The population of Lac-Megantic and its neighbouring towns are heavily divided on what to do with the railway that runs through the heart of the town, Quebec’s environmental review agency said Monday.
The agency, known as the BAPE, favoured one of three possible rail bypass options on the table in a 77-page report.
But the BAPE also said leaving the current rail track untouched merits a fuller treatment — a position Lac-Megantic has excluded.
The debate over a rail bypass has raged since a train carrying crude oil derailed and exploded in July 2013, killing 47 people and wiping out much of Lac-Megantic’s downtown core.
Pierre Mercier, Lac-Megantic’s deputy mayor, said in an interview the status quo is being excluded by the town because “it is so obvious” it isn’t an option.
“We need a bypass, it is the only option,” Mercier said. “Maybe we’re being rapped on the knuckles a bit (by the BAPE), but for us it is obvious that we need a bypass.”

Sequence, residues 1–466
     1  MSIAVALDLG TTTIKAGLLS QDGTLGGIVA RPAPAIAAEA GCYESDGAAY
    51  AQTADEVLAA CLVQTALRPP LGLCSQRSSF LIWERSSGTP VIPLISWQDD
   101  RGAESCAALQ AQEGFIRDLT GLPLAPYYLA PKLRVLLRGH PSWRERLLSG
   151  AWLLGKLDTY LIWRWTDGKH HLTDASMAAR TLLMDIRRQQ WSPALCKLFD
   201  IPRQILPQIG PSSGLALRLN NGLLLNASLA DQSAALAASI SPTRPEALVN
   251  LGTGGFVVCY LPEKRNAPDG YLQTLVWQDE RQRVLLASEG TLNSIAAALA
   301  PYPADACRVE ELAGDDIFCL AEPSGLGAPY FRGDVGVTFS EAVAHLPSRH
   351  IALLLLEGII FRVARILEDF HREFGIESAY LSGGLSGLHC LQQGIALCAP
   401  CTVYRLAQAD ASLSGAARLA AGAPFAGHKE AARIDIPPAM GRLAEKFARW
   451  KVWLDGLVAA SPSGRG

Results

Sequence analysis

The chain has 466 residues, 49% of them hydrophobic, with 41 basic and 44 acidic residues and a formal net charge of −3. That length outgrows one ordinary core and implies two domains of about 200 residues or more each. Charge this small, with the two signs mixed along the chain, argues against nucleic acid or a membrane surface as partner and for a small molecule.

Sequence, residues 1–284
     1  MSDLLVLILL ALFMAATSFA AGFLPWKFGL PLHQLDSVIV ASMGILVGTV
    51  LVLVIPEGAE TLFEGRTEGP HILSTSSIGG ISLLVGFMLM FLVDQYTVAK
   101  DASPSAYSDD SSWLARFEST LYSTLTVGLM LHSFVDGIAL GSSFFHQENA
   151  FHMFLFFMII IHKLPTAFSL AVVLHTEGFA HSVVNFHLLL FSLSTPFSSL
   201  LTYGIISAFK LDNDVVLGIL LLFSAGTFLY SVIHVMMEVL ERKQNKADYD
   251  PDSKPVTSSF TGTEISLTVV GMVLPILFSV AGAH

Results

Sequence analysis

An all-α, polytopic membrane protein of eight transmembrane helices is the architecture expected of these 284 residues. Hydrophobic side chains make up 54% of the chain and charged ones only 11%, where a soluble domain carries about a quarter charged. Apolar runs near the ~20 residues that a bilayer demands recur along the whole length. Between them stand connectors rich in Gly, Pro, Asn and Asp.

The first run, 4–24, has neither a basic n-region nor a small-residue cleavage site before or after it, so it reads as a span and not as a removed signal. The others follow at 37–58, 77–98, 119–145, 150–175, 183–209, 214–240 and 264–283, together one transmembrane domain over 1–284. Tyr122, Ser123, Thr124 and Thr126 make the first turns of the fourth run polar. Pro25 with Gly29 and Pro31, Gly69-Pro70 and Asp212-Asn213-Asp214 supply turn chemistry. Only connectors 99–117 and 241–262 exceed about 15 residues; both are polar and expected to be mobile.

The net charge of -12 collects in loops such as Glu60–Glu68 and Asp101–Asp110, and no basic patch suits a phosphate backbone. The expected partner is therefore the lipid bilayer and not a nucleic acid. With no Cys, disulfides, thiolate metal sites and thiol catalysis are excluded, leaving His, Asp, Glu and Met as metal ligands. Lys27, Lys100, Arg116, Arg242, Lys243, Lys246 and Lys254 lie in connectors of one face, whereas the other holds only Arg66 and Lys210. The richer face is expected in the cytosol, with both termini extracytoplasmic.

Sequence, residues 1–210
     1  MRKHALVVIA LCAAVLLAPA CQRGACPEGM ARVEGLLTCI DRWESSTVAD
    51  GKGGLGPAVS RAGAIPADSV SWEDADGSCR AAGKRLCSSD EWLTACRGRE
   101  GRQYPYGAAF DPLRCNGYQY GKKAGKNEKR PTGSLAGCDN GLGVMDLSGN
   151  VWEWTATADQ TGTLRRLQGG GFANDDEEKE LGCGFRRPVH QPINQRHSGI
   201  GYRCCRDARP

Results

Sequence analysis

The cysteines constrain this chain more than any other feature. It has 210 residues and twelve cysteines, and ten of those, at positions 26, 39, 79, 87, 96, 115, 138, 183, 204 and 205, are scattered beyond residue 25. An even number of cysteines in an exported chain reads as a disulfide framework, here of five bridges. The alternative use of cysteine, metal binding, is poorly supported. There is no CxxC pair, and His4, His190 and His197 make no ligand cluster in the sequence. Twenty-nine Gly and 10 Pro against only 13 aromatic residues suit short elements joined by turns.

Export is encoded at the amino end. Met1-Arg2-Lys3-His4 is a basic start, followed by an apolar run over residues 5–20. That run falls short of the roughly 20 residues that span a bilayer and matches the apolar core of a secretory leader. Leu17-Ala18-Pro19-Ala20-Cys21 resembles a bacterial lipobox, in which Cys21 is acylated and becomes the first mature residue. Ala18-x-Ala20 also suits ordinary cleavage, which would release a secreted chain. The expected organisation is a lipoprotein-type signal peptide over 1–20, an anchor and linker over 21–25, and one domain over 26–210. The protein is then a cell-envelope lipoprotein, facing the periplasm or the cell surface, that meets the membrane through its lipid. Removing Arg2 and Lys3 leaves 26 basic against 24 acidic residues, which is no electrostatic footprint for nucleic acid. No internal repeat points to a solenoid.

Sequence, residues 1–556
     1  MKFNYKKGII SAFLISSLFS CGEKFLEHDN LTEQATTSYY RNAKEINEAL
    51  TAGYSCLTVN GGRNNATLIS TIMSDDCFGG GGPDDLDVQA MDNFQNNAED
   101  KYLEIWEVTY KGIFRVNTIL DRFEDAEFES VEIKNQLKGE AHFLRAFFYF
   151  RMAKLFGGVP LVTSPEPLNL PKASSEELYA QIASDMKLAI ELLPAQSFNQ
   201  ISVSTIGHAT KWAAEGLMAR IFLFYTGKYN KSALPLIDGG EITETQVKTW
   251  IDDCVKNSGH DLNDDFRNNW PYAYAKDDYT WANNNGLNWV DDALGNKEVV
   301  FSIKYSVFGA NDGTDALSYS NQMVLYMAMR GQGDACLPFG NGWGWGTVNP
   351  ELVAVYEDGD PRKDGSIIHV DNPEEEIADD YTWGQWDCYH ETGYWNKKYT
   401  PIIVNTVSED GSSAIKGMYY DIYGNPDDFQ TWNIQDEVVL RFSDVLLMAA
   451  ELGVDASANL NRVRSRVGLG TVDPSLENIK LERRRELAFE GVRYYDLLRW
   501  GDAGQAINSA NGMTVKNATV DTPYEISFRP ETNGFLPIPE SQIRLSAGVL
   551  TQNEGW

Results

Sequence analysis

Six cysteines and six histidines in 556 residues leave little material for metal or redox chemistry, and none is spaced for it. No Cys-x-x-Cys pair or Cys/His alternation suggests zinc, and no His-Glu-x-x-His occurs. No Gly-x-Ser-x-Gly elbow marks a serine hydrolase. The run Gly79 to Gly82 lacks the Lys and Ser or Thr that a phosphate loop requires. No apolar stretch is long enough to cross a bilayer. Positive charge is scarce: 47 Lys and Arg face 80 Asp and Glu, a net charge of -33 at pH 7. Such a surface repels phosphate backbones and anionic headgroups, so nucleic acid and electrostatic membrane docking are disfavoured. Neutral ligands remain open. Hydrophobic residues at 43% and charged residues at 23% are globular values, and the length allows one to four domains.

The city said it was pleased the agency came out in favour of one of the bypass options.
The agency called the 11.7-kilometre option, which would cost an estimated $115 million and include the dismantling of the current track, the best option from an environmental, social and economic standpoint and should be considered.
It made its recommendations after hearing from some residents and participants in public consultation hearings between May and July.
Some citizens believe the bypass will do nothing except move the problem elsewhere while others are firm the bypass solution is essential.
Of those who participated, the agency noted that 59 Lac-Megantic residents were in favour of the status quo, while 43 favoured a bypass. In nearby Frontenac, 30 opted for the status quo and four preferred a bypass.
The BAPE concluded a lot of work still needs to be done before finding an adequate solution for the municipality.
The agency says residents need to be better informed about the possible consequences of keeping the current railway track as is.
“None of the rail bypass proposals seem to adequately and satisfactorily to their expectations,” the agency noted.